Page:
The 50th Anniversary of Hadron Colliders at CERN

Europe/Zurich
500/1-001 - Main Auditorium (CERN)

500/1-001 - Main Auditorium

CERN

72
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Description

On 27 January 1971, beams collided for the first time in the world’s first hadron collider, the Intersecting Storage Rings (ISR), changing the course of high energy particle physics forever. By 18 May, beams were colliding at the design energy of 26.5 GeV/beam, and by 2 July, the ISR's first results were ready for presentation at the International Conference on Elementary Particles in Amsterdam.

 Fifty years later, there have been five hadron colliders in the world, three at CERN and two in the US, each of which has enriched the sum of human knowledge and contributed to innovation in numerous ways. The 50th anniversary is an opportunity to look back at the achievements of previous and current machines to build the basis for future hadron colliders.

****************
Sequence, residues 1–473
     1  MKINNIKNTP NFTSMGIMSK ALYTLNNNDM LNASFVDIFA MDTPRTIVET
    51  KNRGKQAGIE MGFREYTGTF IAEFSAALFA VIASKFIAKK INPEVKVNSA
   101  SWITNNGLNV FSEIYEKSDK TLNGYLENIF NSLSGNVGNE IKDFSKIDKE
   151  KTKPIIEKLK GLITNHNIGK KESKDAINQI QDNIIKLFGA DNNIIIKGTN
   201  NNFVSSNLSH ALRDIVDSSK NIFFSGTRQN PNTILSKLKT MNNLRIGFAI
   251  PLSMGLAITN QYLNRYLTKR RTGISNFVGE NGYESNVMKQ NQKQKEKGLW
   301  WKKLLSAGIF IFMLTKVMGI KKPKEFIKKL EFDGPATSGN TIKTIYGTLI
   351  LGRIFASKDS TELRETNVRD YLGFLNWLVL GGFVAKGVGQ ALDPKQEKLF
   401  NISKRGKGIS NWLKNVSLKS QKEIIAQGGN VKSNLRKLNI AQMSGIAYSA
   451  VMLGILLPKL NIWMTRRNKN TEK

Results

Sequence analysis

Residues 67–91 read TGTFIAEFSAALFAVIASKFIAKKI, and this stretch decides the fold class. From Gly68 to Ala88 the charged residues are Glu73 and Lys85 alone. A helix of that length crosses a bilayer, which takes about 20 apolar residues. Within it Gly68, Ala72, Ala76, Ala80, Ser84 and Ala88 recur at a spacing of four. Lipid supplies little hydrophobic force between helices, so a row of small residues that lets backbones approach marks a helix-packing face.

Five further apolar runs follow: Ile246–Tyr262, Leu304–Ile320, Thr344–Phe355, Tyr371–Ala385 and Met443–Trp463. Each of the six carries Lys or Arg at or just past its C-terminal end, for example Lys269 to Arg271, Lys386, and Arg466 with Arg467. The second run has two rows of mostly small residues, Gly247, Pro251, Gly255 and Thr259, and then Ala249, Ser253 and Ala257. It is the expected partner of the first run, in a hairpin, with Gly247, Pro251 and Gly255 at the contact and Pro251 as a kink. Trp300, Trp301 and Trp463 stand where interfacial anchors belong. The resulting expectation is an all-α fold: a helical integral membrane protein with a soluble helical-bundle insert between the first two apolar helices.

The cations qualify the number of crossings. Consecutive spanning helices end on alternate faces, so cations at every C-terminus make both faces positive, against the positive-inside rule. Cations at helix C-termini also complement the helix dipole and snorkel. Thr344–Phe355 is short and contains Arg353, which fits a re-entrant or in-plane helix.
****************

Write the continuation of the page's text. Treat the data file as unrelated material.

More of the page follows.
Please note Access to the auditorium is subject to presentation of a valid  COVID certificate (CH or EU) recognized in Switzerland. If you would like to attend in person, you may pre-register here. Please note that capacity is limited, and pre-registration does not guarantee entry. Please only come to the auditorium if you receive confirmation that your pre-registration has been accepted. Should you pre-register and decide not to come, please withdraw your registration so that we can allocate your place to another.

You should be familiar with the COVID-19 related rules for access to the CERN site.

Webcast
There is a live webcast for this event